Over to the application pipelines. The first thing they'll do when they kick it off is, the process calls out to that promote API that you saw before and it will say, "I want web 1.1 pinned into Test1." And then they call out and create the infrastructure, and they pass the AWS credentials, the repo for the Terraform configuration, and the two runtime variables, which is, we want it to go into Test1, and we want the role cookbook to be web on these instances. We get two instances combined with an auto-scaling group, because we've used launch configuration in the auto-scaling group to pass through that role cookbook and the environment data to the bootstrapping process.
Then the application teams would perform some integration testing against it. This could be anything. We typically see, at the test phase, some very basic tests, like just pinging a website. Then they'll get more and more stringent as they go through to UAT. At UAT, we might see a point where we break out into app dynamics. We start doing some real-time performance testing against the app, and the feedback of that will trigger the pipeline again.
After that, we call out and we destroy the infrastructure. We've created that immutable infrastructure stack, we perform the integration tests against it, and then we destroyed it afterwards. Then we go again. We tend to do this 3 times, depending on what your category of tier is. If you're Cat0, you might see more tests than this, there might actually be 5 stages of non-production testing.
It depends what it is that we're doing and what the application influences. Let's assume we've got 3. We do the integration testing again and each time, this gets more and more stringent. Just before production, when we're raising the change control, we'll package all of this up, and then we'll put that as evidence for the test closure report. We destroy the infrastructure again, and then we go again in UAT.
Each time, you can see that we're promoting the role cookbook into a different environment, and we would be changing the environmental variable that is associated with those instances. It would have been going into Test1 and Dev1, and then UAT1.
And then we get to production. This is where we have our manual review, this is our manual change control at the moment. Somebody would go and kick off that pipeline. It will probably always be separated into two teams, because we have a "developer access to production" rule in regulation, which means that a developer can't build a backend into a particular product and then push it out on their own, because that'd be really bad.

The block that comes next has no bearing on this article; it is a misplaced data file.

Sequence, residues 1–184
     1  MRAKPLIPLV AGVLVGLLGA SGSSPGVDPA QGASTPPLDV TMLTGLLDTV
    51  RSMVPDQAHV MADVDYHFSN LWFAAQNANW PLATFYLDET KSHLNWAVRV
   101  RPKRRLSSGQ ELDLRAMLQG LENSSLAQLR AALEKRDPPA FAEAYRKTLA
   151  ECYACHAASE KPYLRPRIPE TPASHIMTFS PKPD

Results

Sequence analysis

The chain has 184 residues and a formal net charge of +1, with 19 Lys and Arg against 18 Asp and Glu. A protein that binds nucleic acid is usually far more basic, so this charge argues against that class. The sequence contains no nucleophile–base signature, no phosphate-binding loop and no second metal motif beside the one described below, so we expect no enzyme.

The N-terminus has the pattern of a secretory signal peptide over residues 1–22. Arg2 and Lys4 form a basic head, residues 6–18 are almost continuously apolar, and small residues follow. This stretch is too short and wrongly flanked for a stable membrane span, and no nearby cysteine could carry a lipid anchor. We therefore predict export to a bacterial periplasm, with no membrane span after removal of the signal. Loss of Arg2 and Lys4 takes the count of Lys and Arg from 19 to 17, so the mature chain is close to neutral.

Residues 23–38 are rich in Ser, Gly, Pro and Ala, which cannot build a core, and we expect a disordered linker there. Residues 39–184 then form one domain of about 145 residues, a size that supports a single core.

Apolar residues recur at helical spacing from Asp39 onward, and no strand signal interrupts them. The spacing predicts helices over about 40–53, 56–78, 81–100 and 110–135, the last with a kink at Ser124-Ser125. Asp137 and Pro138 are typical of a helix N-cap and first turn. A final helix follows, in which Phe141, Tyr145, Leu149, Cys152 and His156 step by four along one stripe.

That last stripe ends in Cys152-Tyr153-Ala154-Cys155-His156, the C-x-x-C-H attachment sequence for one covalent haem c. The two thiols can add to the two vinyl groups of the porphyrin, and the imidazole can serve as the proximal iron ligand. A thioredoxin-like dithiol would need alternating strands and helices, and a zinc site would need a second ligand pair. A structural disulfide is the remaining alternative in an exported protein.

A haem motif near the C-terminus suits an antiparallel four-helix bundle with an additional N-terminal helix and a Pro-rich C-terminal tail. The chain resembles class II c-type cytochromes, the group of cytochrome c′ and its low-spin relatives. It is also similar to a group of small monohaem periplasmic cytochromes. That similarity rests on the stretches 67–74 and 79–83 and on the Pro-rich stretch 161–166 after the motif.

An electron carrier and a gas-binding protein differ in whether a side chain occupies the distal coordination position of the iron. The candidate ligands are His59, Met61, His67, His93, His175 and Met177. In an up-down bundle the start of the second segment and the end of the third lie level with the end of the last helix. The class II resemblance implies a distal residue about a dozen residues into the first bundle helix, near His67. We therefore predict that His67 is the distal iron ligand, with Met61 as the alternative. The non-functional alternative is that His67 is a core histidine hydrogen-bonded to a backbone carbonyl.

[00:21:30]We kick off the promotion. This time, when we call out, we say, Prod1, but we change the AWS credentials in it. Now it's pointing to our production AWS account. Then we perform the integration test. You'll notice there's no destroy infrastructure on the end of this part of the pipeline. That's because we use the declarative nature of Terraform to change the end state in production rather than stripping it back down, so we can do non-disruptive change.
What would this look like if we were doing blue-green? What you just saw there was writing to AWS for the first time. If you're going for a blue-green deployment, and we want to do non-disruptive change. We've changed the application cookbook; we're changing a blue button to a red button on the website. And we've updated the role cookbook, because the application cookbook has changed; it's pulling down new files, now, from Nexus.
We call out, we start the pipeline, and get our promotion process that we saw before, where it pins 1.2 into Test, Dev, UAT. We would be creating all of the infrastructure inside of our non-production accounts and doing the application testing and integration testing across it. If it fails, for whatever reason, at any of these points, the pipeline fails as well.
Then we get to production. The difference here is, you can see that the infrastructure is already running in Prod1.1, because we've not stripped it down. When we call out to this configuration that we've done this time, when we've supplied at runtime variables, we change it to Prod2 so the instances go into a separate Chef environment. That Chef environment is gonna have 1.2 inside of it. When the instances get spun up, they'll get version 1.2 of the code.
Now we've got these instances. We want version 1.2 of the code. On the auto-scaling group, we used some uniqueness on the end of the name. That forces Terraform to re-create that auto-scaling group each time we run the configuration. We also use two parameters, which is "wait for ELB capacity," and "create before destroy." That'll ensure that the auto-scaling group is all nicely warmed up and tested before we cut over to it. Then we'll cut over to the instances, destroy the auto-scaling group, and we're now running in production with version 1.2 of the code.
The module supermarket or module register that was talked about at the keynote ... I call it the module supermarket internally so we create those synergies with the Chef supermarket. People already know they're our building blocks for our applications.